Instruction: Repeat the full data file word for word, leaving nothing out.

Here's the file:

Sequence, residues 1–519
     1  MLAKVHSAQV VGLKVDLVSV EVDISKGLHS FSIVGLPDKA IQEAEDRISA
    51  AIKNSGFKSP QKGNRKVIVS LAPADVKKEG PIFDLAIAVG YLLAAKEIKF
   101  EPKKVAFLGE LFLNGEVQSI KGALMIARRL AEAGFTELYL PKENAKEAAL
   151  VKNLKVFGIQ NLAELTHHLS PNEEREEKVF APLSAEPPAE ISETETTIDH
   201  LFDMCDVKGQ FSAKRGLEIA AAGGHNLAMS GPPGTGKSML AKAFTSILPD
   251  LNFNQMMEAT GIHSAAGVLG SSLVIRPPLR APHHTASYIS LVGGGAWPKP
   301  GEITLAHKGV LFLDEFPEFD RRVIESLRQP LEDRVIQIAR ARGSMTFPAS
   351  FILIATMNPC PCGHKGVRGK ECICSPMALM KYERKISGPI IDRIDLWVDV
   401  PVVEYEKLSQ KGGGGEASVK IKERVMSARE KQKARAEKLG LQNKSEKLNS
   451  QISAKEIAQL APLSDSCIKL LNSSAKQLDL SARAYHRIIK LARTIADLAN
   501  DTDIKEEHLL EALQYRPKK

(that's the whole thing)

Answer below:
Sequence, residues 1–519
     1  MLAKVHSAQV VGLKVDLVSV EVDISKGLHS FSIVGLPDKA IQEAEDRISA
    51  AIKNSGFKSP QKGNRKVIVS LAPADVKKEG PIFDLAIAVG YLLAAKEIKF
   101  EPKKVAFLGE LFLNGEVQSI KGALMIARRL AEAGFTELYL PKENAKEAAL
   151  VKNLKVFGIQ NLAELTHHLS PNEEREEKVF APLSAEPPAE ISETETTIDH
   201  LFDMCDVKGQ FSAKRGLEIA AAGGHNLAMS GPPGTGKSML AKAFTSILPD
   251  LNFNQMMEAT GIHSAAGVLG SSLVIRPPLR APHHTASYIS LVGGGAWPKP
   301  GEITLAHKGV LFLDEFPEFD RRVIESLRQP LEDRVIQIAR ARGSMTFPAS
   351  FILIATMNPC PCGHKGVRGK ECICSPMALM KYERKISGPI IDRIDLWVDV
   401  PVVEYEKLSQ KGGGGEASVK IKERVMSARE KQKARAEKLG LQNKSEKLNS
   451  QISAKEIAQL APLSDSCIKL LNSSAKQLDL SARAYHRIIK LARTIADLAN
   501  DTDIKEEHLL EALQYRPKK